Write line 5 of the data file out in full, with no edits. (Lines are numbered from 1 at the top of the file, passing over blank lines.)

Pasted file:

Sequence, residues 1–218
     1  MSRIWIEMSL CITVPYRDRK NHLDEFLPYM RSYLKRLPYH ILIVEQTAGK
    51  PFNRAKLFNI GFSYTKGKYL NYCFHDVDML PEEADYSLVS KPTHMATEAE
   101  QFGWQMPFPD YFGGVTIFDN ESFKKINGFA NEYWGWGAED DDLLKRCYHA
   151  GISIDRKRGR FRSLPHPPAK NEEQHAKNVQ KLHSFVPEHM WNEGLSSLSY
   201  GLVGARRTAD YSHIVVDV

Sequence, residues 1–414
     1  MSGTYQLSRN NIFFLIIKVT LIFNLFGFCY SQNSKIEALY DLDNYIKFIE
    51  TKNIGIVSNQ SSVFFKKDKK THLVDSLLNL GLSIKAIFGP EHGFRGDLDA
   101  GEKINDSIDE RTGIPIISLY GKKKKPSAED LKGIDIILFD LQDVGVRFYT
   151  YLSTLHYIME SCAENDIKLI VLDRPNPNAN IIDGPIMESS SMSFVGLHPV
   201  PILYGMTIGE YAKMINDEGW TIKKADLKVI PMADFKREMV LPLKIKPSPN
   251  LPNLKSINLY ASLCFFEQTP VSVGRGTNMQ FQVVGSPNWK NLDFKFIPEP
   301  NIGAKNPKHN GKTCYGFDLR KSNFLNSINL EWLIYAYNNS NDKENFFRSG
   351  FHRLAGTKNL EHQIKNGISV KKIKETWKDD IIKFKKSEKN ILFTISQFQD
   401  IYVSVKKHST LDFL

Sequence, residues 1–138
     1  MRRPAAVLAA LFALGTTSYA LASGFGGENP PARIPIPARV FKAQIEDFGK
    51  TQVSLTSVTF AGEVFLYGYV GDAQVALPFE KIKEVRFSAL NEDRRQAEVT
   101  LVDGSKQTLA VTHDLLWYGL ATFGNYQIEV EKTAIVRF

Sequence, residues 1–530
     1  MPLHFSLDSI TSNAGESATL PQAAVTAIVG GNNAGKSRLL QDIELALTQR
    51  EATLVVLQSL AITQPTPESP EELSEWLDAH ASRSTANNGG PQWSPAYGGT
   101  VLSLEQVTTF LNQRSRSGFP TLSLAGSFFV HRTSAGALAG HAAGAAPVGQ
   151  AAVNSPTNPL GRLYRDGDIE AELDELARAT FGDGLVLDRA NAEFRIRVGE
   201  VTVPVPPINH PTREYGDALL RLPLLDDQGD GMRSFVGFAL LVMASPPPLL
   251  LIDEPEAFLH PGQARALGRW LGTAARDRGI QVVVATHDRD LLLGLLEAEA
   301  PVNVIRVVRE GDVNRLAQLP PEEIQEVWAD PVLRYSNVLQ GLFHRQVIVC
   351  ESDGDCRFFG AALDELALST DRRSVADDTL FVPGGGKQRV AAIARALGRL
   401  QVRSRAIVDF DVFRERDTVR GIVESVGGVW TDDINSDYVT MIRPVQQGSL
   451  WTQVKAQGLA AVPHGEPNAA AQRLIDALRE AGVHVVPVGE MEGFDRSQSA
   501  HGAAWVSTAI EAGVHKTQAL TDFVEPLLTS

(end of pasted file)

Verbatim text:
   151  GISIDRKRGR FRSLPHPPAK NEEQHAKNVQ KLHSFVPEHM WNEGLSSLSY